Kara Goss, M.D.
Internal Medicine and Pediatrics
Dr. Goss’ clinical practice focuses on pulmonary hypertension as well as cardiopulmonary evaluation of adults born premature. Her research utilizes established UT Southwestern neonatal databases and infrastructure, in conjunction with preclinical models, to study the late cardiopulmonary manifestations of preterm birth and identify implications for treatment and lifetime health. As a THR research scholar, she is conducting risk-appropriate cardiopulmonary screening for adults born preterm with a goal to establish screening guidelines for wider application.
Justin Grodin, M.D.
Dr. Grodin is a cardiologist with expertise and clinical focus in advanced heart failure, cardiac amyloidosis, hypertrophic cardiomyopathy, cardiac transplantation, left-ventricular assist devices, and cardiac critical care. In addition, he splits his time as a clinical epidemiologist focusing on heart failure outcomes research. His THR Clinical Scholars project focuses on identifying novel “phenotype groups” of patients hospitalized with decompensated heart failure and characterizing their unique risk-profiles in order to tailor heart failure readmission prevention strategies. This project will leverage truly “big data” from the enormous THR electronic health record database with advanced computational analytics at UT Southwestern.
Arthur Hong, M.D.
Internal Medicine and Clinical Sciences
Dr. Hong is a practicing general internist and health services researcher. He is interested in the design, implementation, and evaluation of patient-centered, value-based innovations to clinical care. This interest is rooted in understanding the problems patients and clinicians face when making clinical decisions while facing uncertainty. Dr. Hong approaches research questions with an eye toward the implications for patients, clinicians, health systems, and health policy. He has completed prior work that evaluated the impact of the Choosing Wisely campaign, as well as examined financial incentives and variation among clinicians when ordering non-recommended medical care. He is currently working on evidence-based approaches to improve the design and delivery of cancer care.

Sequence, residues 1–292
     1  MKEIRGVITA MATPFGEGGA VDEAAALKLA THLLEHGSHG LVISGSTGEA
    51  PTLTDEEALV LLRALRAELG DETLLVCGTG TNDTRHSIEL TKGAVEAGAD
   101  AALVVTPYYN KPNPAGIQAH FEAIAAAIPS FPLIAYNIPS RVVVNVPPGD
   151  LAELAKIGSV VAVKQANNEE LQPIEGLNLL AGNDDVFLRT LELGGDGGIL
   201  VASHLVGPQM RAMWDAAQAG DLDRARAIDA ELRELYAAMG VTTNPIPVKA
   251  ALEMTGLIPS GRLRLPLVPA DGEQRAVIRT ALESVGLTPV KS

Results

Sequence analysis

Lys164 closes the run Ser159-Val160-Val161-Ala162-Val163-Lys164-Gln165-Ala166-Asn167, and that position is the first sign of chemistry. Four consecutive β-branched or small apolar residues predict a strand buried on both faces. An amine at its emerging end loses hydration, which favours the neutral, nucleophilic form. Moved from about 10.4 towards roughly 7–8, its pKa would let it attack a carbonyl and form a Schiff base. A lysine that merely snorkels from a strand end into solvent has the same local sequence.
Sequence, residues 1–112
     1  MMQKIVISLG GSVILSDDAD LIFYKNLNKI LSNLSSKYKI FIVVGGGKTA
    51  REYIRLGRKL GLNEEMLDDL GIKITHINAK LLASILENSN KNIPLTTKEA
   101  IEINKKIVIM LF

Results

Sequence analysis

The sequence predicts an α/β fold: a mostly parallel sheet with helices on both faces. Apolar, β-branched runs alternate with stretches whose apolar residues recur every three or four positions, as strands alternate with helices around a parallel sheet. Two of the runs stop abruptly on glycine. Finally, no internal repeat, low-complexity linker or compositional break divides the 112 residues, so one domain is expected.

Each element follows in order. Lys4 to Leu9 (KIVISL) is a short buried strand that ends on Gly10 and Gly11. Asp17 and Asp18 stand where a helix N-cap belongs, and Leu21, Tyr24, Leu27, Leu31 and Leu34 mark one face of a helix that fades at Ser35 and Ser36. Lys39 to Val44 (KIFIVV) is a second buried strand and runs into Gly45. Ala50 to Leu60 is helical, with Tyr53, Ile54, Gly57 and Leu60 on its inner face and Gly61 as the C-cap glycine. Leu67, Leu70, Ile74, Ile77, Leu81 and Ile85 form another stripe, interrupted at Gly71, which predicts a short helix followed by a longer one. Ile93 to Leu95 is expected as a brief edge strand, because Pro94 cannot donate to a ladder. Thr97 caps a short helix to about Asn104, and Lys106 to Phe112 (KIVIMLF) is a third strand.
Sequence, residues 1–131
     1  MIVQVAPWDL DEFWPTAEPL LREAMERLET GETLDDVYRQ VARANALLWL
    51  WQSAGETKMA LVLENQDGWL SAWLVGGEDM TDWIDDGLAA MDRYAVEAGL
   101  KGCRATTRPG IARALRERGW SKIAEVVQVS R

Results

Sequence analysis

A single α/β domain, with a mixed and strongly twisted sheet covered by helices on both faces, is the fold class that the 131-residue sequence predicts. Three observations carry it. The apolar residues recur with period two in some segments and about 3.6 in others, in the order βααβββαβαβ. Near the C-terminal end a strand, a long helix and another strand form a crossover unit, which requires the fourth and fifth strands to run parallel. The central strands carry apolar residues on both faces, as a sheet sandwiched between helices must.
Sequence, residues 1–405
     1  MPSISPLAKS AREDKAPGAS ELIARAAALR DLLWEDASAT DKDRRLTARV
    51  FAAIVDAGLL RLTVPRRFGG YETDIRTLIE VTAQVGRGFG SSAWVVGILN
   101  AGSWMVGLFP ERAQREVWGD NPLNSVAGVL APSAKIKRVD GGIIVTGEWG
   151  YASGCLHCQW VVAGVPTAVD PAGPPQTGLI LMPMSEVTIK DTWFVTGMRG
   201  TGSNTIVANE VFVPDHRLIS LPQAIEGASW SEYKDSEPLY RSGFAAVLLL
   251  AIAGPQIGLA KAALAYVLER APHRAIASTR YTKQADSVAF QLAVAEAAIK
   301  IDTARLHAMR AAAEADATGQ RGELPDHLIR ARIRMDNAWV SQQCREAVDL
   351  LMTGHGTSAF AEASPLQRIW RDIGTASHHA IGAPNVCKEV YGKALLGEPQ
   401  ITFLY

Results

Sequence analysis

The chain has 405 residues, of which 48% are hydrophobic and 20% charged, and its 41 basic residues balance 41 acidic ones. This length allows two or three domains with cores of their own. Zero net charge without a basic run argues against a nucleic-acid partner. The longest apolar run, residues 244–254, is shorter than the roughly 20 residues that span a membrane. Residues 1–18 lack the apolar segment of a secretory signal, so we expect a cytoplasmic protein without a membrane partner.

Amy Hughes, Ph.D.
Population and Data Sciences
Dr. Amy Hughes’ research background includes training in geospatial information sciences, econometrics, spatial statistics, and cancer prevention and control. Her research interests include applications of spatial statistics and econometrics to understand geographic differences in health behaviors, outcomes, and policies. Her past research has focused on using large surveillance, administrative, and electronic medical record databases to investigate how patient, physician, health system, environmental, and neighborhood factors influence health behaviors and outcomes. Dr. Hughes’ THR Clinical Scholars work will focus on using geospatial methods to identify patient contexts that carry high risk for diabetes, asthma exacerbations, and poor management of multimorbid conditions.
Nneka Ifejika, M.D., M.P.H.
Physical Medicine & Rehabilitation, Clinical Sciences, and Neurology & Neurotherapeutics